How a Family’s Unconditional Love Led to a Scientific Paradigm Shift.
Henry Markram is the Elon Musk of neuroscience, the man behind the billion-dollar Blue Brain Project to build a supercomputer model of the brain. He has set the goal of decoding all disturbances of the mind within a generation. This quest is personal for him. The driving force behind his grand ambition has been his son Kai, who has autism. Raising Kai made Henry Markram question all that he thought he knew about neuroscience, and then inspired his groundbreaking research that would upend the conventional wisdom about autism, expressed in his now-famous theory of Intense World Syndrome.
When Kai was first diagnosed, his father consulted studies and experts. He knew as much about the human brain as almost anyone but still felt as helpless as any parent confronted with this condition in his child. What’s more, the scientific consensus that autism was a deficit of empathy didn’t mesh with Markram’s experience of his son. He became convinced that the disorder, which has seen a 657 percent increase in diagnoses over the past decade, was fundamentally misunderstood. Bringing his world-class research to bear on the problem, he devised a radical new theory of the disorder: People like Kai don’t feel too little; they feel too much. Their senses are too delicate for this world.
»Lorenz Wagner's book on the remarkable Markrams is, well, remarkable. This is an extraordinary story of noted neuroscientists seeing the world through the eyes of their ASD son, and then helping change the way autism is seen and treated far and wide.A tale of love, constancy and groundbreaking research.«
Ron Suskind, Pulitzer Prize-winning journalist and author of 'Life, Animated, A Story of Sidekicks, Heroes and Autism'
»A compelling story about one of the world's most brilliant researchers searching to understand his son's autism. A gloriously positive book. Left me with hope for humanity«
David Sinclair, PhD, AO is a professor of genetics at Harvard Medical School and author of the New York Times bestseller 'Why We Age - and Why We Don't Have To'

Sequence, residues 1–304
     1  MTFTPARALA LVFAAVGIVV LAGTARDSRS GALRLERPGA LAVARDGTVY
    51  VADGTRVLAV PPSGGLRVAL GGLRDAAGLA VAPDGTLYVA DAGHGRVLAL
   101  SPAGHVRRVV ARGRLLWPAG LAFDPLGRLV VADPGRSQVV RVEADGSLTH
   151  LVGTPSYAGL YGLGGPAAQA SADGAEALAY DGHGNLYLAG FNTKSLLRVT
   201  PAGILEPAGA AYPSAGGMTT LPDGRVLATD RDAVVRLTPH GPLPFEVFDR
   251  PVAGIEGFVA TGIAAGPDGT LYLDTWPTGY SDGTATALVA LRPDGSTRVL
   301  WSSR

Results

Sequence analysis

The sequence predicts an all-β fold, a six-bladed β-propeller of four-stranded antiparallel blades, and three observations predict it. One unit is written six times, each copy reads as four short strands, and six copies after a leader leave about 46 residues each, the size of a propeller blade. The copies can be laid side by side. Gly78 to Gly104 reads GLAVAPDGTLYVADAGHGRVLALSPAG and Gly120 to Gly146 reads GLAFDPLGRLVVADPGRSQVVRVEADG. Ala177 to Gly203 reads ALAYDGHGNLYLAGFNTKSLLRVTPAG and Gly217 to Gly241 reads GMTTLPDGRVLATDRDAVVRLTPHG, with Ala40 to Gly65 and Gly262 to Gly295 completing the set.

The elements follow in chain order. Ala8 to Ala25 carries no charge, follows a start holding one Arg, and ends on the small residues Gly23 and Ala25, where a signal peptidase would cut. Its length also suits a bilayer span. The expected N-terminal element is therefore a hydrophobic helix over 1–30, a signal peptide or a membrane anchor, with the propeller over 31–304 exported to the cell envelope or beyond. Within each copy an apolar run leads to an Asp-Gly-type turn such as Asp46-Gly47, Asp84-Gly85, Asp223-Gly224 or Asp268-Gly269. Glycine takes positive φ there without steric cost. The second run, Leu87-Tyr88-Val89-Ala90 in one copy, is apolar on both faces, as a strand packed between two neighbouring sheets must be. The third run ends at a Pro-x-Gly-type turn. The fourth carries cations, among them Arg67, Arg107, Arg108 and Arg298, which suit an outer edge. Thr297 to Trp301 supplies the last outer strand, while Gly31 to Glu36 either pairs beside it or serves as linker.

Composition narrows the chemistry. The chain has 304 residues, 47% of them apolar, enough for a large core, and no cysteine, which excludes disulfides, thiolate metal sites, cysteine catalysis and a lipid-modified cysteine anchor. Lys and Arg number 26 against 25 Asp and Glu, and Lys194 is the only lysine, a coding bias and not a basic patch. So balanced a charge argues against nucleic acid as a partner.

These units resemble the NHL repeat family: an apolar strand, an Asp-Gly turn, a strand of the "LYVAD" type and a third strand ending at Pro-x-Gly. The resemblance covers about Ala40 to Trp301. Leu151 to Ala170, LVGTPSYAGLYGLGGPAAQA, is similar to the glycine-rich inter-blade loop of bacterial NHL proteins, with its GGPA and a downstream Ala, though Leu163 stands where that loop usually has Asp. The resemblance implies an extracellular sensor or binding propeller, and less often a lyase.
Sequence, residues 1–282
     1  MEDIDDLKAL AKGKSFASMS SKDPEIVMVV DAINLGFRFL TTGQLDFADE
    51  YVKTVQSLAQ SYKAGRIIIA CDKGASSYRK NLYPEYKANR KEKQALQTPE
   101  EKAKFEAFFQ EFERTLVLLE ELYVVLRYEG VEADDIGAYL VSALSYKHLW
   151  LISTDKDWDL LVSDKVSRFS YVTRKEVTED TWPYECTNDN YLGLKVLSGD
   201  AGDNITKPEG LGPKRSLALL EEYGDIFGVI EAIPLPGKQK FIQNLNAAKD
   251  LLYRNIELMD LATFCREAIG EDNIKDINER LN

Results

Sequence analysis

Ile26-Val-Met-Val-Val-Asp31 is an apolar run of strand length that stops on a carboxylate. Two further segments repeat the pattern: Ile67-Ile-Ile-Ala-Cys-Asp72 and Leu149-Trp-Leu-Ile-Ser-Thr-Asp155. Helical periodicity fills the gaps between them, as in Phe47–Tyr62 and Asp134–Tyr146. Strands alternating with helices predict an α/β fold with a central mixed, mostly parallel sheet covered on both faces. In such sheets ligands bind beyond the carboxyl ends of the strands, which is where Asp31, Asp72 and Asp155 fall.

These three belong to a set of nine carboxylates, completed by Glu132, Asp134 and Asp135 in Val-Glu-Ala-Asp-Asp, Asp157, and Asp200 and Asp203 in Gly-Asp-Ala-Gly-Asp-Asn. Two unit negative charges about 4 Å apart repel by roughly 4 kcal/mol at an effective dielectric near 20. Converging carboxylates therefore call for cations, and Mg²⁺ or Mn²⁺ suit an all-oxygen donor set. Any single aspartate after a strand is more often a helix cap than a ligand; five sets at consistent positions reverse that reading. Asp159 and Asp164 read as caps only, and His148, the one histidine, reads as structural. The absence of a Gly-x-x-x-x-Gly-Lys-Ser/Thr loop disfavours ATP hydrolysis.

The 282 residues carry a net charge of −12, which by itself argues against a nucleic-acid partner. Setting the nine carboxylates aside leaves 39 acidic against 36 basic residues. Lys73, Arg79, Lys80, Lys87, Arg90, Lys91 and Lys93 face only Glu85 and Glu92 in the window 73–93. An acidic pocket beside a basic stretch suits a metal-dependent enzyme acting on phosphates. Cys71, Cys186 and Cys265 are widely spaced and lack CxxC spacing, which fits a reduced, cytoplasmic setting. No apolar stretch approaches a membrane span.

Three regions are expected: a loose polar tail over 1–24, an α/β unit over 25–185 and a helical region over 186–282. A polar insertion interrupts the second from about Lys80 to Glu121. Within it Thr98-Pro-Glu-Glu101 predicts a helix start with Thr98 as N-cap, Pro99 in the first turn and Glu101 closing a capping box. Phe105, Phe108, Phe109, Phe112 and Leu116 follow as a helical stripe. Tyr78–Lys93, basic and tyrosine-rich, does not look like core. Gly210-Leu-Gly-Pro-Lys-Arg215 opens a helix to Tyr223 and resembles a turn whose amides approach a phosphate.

»Wagner does an exceptional job of mixing biography with complex yet accessible neuroscience. Essential for parents, educators, physicians, and specialists working with children of all ages.«
»A wonderful book.«
NZZ am Sonntag
»Very personal and touching (...) conveys fascinating insights into the human brain. A captivating book that encourages.«
Bild der Wissenschaft
»At the end of this brilliant reportage you have both read about an extraordinary family history as well as about the persistent, laborious, but highly vivid hunt for real knowledge.«
»Lorenz Wagner has written an impressive portrait and managed successfully to make at least partially comprehensible highly complex processes. A very interesting read.«
»A moving father-son-story interspersed with elegant scientific prose about regions of the human brain, which are still terra incognita. Thoroughly researched and brilliantly written.«
»This entire book is an appeal to the love of human variety, a resourceful vision of appreciating each and every one of our strengths. [Lorenz Wagner] casts a stimulating and encouraging view of our changing world.«
»Touching and groundbreaking.«
German, Europa Verlag
GERMAN (audiobook) Steinbach sprechende Bücher/SAGA Egmont/Lindhardt/Ringhof
GERMAN (paperback) Lübbe
CHINESE (simplified) Archipel
DUTCH Uitgeverij Brandt
ENGLISH (NA) Arcade|Skyhorse
ENGLISH (ANZ) Allen & Unwin
KOREAN Gimm Young
on behalf of the author
World excl. German, Italian, Korean
© Julian Baumann
Lorenz Wagner, for years chief reporter of the Financial Times Deutschland, and author of the Süddeutsche Zeitung Magazin, is one of Germany's most renowned journalists. He wrote exclusive close-ups of Susanne Klatten, Melinda Gates and Jeff Bezos and has received many awards, such as the Theodor Wolff Prize, the German Journalism Prize and the Media Prize of the German Society for Internal Medicine.